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There’s some minor stuff about the cases of Tamura (Sugimoto Tetta) and Uno (Hamada Gaku) in this episode, but those are purely sideshow. Reiko’s parallel sexual assault case, though, is covered more thoroughl.

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Having failed to secure security camera evidence from the police herself, Asagi gets Kiryuu to press the issue and to mobilize the police on the task.

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Speaking of side shows, the other three assistants go on a group date.

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This can only turn out badly.

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Uno asks Asagi out for a drink and suggests that she switch prosecutors and work with him instead. He’d have better luck just asking her out on a date.

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We get an interesting scene the next day as the entire crew piles into the elevator together.

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Lawyer Sakurai is waiting for Kiryuu – to tell him that the victim has settled and has already accepted the payment for compensation. That means she’s dropping the charges.

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But how can that be after she was so adamant about making sure Katsumata paid for his transgression?

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Kiryuu and Asagi visit her to find out. In the process, they learn that she hasn’t gone for kickboxing and doesn’t feel safe going out. But why? She seemed rattled but otherwise fine earlier.

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The answer is that in making the settlement offer, Sakurai pointed out that he was prepared to counter-charge her because his client suffered severe rib injuries as a result of her kick. Even though it’s not true, Sakurai said that they could sue her for going beyond self-defense.

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In other words, they threatened her into accepting the settlement. Most importantly, though, Sakurai negated her ability to use kickboxing as a method of self-defense, so it’s no surprise she’s now unwilling to go out.

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Kiryuu’s next stop is to see Sakurai. Really, he just wants to accuse Sakurai of playing underhanded tricks – this scene doesn’t advance the case much otherwise. It does get Asagi even more riled up, though.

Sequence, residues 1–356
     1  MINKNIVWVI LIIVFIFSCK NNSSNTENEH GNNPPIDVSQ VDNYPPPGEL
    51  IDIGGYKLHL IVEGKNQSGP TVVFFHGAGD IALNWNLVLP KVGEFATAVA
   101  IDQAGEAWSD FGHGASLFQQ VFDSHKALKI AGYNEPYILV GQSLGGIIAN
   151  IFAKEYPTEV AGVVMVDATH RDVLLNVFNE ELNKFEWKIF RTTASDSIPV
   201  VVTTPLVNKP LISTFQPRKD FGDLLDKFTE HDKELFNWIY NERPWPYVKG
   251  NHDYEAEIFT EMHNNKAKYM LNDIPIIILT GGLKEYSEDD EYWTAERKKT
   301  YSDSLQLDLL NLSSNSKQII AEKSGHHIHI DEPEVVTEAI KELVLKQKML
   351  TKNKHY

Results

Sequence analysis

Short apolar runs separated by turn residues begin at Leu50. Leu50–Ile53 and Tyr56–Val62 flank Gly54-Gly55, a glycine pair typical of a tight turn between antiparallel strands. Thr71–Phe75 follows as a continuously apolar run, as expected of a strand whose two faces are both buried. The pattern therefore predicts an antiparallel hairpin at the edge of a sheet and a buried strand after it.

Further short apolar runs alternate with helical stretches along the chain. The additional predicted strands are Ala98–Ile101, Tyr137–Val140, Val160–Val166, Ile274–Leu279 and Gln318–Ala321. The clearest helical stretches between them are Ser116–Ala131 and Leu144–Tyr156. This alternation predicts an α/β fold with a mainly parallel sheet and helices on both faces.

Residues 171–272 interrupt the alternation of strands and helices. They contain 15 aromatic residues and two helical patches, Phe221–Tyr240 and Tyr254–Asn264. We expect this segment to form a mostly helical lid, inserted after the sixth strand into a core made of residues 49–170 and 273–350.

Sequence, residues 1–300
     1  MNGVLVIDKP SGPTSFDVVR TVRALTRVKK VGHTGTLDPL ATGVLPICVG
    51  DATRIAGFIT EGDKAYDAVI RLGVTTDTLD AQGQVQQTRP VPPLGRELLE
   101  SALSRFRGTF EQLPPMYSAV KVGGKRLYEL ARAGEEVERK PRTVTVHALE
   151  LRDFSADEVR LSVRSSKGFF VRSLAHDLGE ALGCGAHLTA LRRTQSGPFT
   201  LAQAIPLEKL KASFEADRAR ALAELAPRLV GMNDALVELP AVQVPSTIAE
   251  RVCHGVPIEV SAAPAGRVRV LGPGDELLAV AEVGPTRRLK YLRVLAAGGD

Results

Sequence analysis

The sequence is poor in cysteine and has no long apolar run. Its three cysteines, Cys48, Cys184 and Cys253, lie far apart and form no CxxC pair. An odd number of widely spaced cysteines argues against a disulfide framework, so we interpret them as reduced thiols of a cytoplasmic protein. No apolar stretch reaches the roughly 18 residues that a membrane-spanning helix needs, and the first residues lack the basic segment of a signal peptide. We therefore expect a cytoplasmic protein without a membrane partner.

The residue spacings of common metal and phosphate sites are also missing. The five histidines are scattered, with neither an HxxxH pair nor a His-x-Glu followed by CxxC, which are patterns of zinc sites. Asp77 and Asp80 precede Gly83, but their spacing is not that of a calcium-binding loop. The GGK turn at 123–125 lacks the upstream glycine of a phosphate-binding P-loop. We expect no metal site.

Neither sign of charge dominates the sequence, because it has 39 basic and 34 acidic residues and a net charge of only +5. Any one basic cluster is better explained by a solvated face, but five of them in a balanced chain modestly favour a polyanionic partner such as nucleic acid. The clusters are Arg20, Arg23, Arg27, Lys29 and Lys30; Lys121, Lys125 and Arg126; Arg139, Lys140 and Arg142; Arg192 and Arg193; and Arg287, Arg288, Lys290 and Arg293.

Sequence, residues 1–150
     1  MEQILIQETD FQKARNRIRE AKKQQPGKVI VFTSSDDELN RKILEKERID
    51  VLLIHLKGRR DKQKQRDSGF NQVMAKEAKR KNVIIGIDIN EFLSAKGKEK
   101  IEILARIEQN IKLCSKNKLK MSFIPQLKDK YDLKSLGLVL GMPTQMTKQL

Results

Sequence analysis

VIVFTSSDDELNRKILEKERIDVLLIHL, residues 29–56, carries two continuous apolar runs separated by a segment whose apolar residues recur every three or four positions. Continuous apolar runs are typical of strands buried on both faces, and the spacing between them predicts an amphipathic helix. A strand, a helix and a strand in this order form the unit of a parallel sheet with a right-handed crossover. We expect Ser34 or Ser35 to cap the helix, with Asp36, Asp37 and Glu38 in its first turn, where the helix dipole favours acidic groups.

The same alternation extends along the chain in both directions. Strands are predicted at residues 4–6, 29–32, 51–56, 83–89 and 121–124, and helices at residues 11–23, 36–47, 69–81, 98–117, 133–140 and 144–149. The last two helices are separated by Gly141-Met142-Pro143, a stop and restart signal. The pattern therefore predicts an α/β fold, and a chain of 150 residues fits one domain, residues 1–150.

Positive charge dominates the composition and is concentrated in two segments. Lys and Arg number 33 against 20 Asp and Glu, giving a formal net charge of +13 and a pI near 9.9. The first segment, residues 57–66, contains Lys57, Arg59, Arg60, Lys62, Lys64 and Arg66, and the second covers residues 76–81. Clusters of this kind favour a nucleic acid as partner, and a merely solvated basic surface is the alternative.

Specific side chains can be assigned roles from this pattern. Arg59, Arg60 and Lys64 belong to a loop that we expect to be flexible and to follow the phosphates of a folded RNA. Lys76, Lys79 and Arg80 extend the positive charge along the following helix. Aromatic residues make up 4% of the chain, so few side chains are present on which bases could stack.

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So, can Kiryuu figure out how to pin this one on Katsumata even when the victim wants the charges dropped?

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Will the answer come to someone at the infamous bar?

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Or will it be another visit to the crime scene, except at the time of day that the event actually occurred?

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The resolution this time was a bit lacking – rather circumstantial. That could have been solved, though, if only the resolution phase hadn’t been fleshed out a bit more. Then again, this isn’t a mystery series, and doesn’t have to follow those rules.

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The pace of the episode was fairly slow this time, but then at the end the part where they put everything together left some holes in the picture. For instance, I’m still not sure exactly what was up with Reiko’s case.

One saving grace was the characterization, which helped move things along even when the actual plot was going slowly. As expected, the acting was excellent and the characters dynamic.

The case itself was relevant and tapped a number of different social issues, so the episode was good in that respect. I appreciated the approach taken.

I don’t think it was possible to play along in this one, unlike the first episode. The question was not the crime or the criminal, but whether it was possible to prove there was more to it, and the key piece of that was from the person who recognized Katsumata, and we weren’t allowed to hear the information from her before the start of the resolution. Hopefully future episodes will give us more of a chance to engage with the case.